The Supreme Court has indicated that "an impartial judge is essential to due process." Republican Party of Minn. v. White, 536 U.S. 765, 776 (2002), and has found that a trial court violates a litigant's due process rights when it presides over litigation in which the judge has a financial interest, Tumey v. Ohio, 273 U.S. 510, 523, 531-34 (1927), or in which the judge had participated while working as a prosecutor, Bracy v. Gramley, 520 U.S. 899, 905 (1997). However, I have found no Supreme Court case addressing when and whether, in the absence of external evidence of bias (such as a financial interest in the litigation or a previous relationship with a litigant), a trial judge's apparent predisposition toward the prosecutor's position deprives a defendant of due process.*fn3 Accordingly, the relevant federal law appears to be the principle that due process is violated only when "the action complained of . . . violates those fundamental conceptions of justice which lie at the base of our civil and political institutions." Dowling v. United States, 493 U.S. 342, 353 (1990) (internal quotation marks omitted).
I do not find the trial court's conduct of the suppression hearing indicative of impartiality. Under N.Y.C.P.L. § 710.60, a motion to suppress evidence "must state the ground or grounds of the motion and must contain sworn allegations of fact . . . supporting such grounds." (emphasis added). With regard to the issue of probable cause, defense counsel's pre-trial omnibus motion states only that "the defendant was arrested without probable cause." Attorney Affirmation 13, People v. Suphal, Indictment No. 9167/99 (N.Y. Sup. Ct. Mar. 13, 2000). This allegation is insufficient under § 760.10. People v. Mendoza, 82 N.Y.2d 415, 427 (1993)("An allegation that 'I did nothing giving rise to probable cause' is, without more, plainly insufficient because probable cause is a mixed legal-factual issue and the pleading lacks the factual portion of the equation."). Given this defect, the trial court had discretion to "summarily" deny suppression on this ground. N.Y. C.P.L. § 710.60(3)(b). As a result, it was not unfair to Suphal for the judge to treat the probable cause issue as "a Dunaway concern" that was "not based on arguments counsel has made," Hearing Tr. 72, and to allow the prosecution to elicit additional testimony to respond to the court's concerns.*fn4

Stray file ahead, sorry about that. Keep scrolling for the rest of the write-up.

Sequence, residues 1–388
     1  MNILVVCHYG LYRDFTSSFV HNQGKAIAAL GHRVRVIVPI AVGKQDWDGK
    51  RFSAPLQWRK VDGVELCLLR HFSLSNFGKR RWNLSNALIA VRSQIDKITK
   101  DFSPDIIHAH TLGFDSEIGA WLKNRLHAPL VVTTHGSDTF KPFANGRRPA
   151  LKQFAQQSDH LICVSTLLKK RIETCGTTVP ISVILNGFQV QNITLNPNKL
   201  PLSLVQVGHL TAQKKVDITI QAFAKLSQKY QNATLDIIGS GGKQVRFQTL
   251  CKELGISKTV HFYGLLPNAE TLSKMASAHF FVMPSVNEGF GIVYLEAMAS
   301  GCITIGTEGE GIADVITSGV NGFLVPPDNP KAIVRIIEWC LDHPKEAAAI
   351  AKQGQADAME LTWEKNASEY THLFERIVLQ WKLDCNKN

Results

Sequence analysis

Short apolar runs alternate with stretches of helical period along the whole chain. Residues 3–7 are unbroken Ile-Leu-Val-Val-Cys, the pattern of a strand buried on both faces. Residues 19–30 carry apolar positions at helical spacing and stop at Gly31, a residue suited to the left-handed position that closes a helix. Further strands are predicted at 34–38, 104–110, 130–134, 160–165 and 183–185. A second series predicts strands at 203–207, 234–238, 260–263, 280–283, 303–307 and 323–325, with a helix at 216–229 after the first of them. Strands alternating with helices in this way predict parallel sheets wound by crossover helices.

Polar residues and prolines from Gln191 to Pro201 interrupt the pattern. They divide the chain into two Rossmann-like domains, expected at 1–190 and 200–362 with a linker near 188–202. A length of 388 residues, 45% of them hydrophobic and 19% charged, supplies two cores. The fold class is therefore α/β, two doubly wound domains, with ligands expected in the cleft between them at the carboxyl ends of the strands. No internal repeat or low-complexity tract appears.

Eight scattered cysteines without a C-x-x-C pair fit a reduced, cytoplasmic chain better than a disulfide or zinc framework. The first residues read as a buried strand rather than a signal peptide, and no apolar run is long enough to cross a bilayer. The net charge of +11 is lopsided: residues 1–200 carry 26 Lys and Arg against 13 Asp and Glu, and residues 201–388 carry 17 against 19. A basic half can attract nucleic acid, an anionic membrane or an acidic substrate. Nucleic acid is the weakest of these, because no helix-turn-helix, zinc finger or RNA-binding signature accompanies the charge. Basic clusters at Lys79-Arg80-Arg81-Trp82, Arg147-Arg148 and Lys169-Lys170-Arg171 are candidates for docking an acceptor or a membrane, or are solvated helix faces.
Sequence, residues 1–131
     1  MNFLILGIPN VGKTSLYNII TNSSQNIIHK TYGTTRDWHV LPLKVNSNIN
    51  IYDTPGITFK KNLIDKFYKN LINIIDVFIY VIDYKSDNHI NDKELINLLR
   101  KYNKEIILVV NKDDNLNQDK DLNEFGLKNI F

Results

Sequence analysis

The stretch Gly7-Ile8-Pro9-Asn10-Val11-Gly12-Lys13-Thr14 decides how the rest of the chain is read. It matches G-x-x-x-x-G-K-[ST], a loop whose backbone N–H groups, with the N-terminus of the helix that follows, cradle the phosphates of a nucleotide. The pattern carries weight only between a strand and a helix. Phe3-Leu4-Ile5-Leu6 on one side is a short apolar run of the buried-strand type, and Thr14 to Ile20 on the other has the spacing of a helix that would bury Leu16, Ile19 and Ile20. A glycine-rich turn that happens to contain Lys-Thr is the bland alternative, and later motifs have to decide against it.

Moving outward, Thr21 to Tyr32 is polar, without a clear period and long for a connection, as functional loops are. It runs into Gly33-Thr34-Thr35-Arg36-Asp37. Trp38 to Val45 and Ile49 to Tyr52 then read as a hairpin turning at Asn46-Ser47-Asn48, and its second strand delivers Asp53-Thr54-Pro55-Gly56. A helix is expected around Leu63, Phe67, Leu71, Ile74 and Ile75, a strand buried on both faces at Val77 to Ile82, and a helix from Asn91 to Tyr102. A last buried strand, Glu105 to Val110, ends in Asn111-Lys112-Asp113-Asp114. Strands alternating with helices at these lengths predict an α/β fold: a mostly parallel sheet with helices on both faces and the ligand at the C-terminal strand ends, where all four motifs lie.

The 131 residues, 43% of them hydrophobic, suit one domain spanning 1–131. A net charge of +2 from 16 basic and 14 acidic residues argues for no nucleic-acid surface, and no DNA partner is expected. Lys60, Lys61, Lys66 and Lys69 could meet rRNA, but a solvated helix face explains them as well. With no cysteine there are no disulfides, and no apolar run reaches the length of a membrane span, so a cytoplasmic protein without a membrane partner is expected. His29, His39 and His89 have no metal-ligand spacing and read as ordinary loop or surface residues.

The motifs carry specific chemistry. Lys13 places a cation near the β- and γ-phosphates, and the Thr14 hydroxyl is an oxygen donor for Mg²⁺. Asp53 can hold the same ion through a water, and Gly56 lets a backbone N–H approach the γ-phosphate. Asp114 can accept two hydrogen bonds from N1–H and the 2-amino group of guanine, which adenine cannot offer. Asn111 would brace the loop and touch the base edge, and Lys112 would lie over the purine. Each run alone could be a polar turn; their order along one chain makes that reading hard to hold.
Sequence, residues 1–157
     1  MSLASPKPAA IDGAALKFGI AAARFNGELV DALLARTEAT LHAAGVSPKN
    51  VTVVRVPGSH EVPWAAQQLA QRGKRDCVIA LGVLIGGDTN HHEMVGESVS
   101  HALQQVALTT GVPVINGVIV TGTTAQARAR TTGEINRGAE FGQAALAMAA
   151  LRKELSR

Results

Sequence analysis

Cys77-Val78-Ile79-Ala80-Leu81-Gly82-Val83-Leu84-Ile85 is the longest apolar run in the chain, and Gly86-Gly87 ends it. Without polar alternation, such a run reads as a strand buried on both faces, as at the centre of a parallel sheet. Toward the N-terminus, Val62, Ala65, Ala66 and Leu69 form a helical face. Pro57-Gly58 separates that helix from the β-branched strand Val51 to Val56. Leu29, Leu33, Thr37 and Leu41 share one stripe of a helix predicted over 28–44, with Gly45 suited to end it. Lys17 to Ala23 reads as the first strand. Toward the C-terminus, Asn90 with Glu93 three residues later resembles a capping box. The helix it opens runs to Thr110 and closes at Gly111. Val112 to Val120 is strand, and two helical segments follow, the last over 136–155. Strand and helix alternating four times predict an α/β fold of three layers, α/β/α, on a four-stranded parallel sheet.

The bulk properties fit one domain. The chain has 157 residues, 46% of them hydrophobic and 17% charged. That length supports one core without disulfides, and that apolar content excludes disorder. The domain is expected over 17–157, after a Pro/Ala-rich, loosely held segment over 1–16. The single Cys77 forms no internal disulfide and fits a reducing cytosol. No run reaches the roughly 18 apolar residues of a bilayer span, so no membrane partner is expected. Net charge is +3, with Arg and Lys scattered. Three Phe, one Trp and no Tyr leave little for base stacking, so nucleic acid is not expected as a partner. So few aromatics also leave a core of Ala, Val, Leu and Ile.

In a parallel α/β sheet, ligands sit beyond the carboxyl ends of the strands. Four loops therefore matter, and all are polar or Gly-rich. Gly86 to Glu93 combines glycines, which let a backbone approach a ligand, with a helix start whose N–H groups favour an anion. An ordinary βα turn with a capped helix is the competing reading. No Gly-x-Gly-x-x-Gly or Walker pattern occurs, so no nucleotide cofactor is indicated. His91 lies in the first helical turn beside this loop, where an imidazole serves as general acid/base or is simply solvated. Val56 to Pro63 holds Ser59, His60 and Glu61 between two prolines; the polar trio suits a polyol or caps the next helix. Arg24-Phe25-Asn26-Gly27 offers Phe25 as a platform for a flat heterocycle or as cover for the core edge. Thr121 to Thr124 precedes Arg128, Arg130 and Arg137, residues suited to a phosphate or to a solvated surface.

Suphal also argues that his claim is cognizable under Section 2254(d)(2), which permits habeas relief from state court adjudications that "resulted in a decision that was based on an unreasonable determination of the facts in light of the evidence presented in the State court proceeding." Suphal is incorrect. Section 2254(d)(2) governs review of state court adjudications based on a "factual determination" that is "objectively unreasonable in light of the evidence presented." See Miller-El v. Cockrell, 537 U.S. 322, 340 (2003). If Suphal's argument was that a finding of probable cause was unreasonable in light of the evidence actually introduced at the hearing, his claim might implicate Section 2254(d)(2). However, Suphal's argument is that, because of its bias, the trial court solicited and received evidence that would not otherwise have been put on the record: specifically, the testimony received when the trial judge reopened the hearing after the prosecution rested. The propriety of this procedure is a question of law cognizable only under Section 2254(d)(1). Under this provision, as discussed above, Suphal is not entitled to relief.*fn5